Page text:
Sam O’Connell (Visual and Performing Arts) has a chapter in the recently published Cambridge Companion of African American Theatre. His chapter, “Fragmented Musicals and 1970s Soul Aesthetic,” combines research from musical theater history, performance studies, and ethnomusicology to create an argument about the aesthetic principles of black musical theater in the 1970s.
From the publisher:”This Companion provides a comprehensive overview of African American theatre, from the early nineteenth century to the present day. Along the way, it chronicles the evolution of African American theatre and its engagement with the wider community, including discussions of slave rebellions on the national stage, African Americans on Broadway, the Harlem Renaissance, African American women dramatists, and the ‘New Negro’ and ‘Black Arts’ movements. Leading scholars spotlight the producers, directors, playwrights and actors whose efforts helped to fashion a more accurate appearance of Black life on stage, and reveal the impact of African American theatre both within the United States and further afield.”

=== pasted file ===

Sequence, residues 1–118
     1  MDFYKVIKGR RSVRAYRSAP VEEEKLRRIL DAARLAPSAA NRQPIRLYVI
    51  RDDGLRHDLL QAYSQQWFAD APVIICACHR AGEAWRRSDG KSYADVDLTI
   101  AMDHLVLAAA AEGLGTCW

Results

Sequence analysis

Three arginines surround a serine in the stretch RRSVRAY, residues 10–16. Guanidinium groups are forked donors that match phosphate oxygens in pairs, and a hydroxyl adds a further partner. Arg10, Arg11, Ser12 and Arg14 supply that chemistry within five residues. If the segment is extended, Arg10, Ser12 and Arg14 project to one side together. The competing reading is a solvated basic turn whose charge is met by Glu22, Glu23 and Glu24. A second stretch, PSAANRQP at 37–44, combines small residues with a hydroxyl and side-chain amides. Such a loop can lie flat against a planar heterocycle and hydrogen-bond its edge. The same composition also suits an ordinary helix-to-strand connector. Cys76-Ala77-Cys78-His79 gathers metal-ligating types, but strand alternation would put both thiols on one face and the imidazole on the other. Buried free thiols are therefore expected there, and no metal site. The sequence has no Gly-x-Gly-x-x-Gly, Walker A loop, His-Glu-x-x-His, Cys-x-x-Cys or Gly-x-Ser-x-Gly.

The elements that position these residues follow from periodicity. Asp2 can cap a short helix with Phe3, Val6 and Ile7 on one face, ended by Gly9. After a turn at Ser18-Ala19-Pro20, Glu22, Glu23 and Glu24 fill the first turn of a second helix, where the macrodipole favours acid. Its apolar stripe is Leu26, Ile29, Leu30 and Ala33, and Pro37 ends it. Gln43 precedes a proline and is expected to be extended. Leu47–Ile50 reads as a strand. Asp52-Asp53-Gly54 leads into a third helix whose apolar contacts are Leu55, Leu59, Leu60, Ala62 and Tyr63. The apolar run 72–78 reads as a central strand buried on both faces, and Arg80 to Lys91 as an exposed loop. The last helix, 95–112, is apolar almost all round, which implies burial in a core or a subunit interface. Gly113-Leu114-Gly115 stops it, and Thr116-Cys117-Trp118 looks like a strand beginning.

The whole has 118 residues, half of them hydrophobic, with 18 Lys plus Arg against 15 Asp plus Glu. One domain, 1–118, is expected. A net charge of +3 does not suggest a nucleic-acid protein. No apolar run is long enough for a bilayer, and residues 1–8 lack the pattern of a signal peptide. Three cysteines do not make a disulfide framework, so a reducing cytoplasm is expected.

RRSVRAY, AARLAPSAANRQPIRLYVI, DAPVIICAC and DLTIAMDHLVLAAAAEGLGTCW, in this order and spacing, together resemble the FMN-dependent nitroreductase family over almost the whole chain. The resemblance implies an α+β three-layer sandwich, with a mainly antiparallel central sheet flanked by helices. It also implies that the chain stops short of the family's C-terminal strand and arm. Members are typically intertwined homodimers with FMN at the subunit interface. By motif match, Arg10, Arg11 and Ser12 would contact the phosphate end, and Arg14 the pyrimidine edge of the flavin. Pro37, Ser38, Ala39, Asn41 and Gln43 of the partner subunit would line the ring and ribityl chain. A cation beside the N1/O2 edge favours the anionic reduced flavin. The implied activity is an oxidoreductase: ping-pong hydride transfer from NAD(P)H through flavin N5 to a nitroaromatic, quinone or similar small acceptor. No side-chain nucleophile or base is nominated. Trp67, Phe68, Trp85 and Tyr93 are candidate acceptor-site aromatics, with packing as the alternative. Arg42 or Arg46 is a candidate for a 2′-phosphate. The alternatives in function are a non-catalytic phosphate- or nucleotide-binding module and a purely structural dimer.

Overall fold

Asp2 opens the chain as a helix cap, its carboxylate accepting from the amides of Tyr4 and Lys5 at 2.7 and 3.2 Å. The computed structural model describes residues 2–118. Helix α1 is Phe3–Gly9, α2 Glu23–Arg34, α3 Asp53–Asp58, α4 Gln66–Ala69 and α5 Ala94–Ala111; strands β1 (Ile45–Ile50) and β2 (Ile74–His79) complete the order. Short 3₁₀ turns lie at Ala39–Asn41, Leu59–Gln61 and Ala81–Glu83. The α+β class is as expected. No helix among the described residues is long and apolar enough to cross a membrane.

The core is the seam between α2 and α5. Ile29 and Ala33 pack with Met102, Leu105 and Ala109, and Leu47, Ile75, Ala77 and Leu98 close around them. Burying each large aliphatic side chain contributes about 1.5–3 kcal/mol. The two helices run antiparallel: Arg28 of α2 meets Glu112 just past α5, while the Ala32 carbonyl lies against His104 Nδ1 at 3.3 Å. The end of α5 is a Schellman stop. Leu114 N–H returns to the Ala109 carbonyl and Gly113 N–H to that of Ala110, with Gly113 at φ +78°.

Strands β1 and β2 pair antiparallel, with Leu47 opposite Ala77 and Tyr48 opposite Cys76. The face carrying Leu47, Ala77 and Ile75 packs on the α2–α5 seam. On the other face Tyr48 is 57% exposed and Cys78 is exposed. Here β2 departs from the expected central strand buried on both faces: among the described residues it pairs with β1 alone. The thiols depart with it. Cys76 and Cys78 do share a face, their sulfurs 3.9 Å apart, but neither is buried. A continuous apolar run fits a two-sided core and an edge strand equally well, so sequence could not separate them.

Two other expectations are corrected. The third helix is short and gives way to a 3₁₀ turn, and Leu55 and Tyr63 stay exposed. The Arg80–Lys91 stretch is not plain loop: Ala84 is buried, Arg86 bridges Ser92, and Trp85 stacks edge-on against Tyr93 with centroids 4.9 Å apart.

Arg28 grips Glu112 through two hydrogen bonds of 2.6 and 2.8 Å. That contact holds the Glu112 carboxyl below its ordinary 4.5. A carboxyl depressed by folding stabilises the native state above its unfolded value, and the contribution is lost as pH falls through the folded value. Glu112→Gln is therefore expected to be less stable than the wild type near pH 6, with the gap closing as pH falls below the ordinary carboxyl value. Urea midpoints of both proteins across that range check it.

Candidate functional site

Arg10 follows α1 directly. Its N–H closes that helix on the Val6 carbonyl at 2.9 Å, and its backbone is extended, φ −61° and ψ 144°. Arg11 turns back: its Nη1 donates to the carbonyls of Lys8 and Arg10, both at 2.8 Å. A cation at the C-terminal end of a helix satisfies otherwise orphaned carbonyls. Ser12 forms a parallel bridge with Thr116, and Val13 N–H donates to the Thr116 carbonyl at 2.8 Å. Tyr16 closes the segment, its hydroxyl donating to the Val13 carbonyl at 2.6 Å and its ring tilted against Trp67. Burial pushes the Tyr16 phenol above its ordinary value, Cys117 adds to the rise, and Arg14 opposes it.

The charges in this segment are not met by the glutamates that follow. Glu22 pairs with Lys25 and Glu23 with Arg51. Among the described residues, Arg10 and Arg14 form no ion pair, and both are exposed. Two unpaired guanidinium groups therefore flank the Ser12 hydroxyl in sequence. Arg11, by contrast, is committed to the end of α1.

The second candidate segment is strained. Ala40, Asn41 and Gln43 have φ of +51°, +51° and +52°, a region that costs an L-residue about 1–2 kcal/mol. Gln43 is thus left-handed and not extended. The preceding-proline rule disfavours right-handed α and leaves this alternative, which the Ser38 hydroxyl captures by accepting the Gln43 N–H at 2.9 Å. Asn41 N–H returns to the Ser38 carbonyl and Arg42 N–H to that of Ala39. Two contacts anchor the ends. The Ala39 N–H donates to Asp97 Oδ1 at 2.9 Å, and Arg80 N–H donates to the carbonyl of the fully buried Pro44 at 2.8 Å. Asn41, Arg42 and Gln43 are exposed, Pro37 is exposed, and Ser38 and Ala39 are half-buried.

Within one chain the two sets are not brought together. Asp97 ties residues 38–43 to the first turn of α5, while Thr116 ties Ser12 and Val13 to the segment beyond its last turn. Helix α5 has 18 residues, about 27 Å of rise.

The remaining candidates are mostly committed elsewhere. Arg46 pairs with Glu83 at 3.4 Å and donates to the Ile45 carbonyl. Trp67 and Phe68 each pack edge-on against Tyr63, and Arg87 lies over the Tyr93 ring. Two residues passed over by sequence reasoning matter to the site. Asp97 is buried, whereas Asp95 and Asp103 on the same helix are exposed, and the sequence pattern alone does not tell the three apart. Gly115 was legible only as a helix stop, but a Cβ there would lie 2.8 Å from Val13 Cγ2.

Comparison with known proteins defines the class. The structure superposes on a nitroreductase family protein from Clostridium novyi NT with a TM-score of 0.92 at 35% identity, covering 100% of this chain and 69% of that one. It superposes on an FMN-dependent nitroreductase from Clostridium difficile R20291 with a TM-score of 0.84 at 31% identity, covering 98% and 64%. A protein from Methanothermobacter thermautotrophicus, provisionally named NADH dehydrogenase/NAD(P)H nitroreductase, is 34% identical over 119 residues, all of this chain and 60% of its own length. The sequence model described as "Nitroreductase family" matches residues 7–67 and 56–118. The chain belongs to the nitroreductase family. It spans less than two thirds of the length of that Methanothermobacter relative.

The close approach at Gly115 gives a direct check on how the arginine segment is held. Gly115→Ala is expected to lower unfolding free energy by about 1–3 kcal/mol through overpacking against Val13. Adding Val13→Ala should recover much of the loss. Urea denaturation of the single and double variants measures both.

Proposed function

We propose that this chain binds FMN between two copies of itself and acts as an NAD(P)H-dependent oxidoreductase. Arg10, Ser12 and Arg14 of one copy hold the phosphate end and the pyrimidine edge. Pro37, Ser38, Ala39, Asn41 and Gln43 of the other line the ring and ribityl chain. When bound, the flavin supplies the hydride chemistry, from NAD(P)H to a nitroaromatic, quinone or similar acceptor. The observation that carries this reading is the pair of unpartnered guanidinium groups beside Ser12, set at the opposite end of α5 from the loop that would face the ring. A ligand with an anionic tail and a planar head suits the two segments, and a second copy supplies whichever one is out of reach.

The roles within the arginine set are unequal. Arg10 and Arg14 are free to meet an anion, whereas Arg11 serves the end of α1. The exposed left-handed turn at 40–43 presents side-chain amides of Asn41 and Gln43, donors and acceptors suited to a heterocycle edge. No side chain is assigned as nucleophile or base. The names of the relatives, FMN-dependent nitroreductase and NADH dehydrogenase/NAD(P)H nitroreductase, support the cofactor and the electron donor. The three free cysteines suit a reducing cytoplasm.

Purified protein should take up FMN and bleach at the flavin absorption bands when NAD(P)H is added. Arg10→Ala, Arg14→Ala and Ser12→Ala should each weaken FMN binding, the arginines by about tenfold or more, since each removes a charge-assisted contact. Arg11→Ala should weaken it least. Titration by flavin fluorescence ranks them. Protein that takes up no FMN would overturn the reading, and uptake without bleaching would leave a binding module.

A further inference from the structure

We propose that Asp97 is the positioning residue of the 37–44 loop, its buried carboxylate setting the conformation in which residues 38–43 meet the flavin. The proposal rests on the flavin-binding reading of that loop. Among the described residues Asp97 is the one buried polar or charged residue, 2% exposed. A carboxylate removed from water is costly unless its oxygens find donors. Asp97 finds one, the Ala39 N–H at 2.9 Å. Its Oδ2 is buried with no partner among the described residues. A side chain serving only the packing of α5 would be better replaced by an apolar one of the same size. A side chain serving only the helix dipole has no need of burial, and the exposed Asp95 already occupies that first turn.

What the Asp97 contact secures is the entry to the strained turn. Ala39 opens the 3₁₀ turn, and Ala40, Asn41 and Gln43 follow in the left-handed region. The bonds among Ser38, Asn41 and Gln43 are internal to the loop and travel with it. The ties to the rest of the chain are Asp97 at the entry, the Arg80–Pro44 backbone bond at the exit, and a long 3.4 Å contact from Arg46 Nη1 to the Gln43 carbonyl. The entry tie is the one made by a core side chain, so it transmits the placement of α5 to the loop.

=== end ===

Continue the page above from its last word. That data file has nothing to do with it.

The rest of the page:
Amaryllis Siniossoglou (Visual and Performing Arts) has been selected to participate with her one-of-a-kind artist’s book at the International Contemporary Creative Book Binding competition Paris . . .
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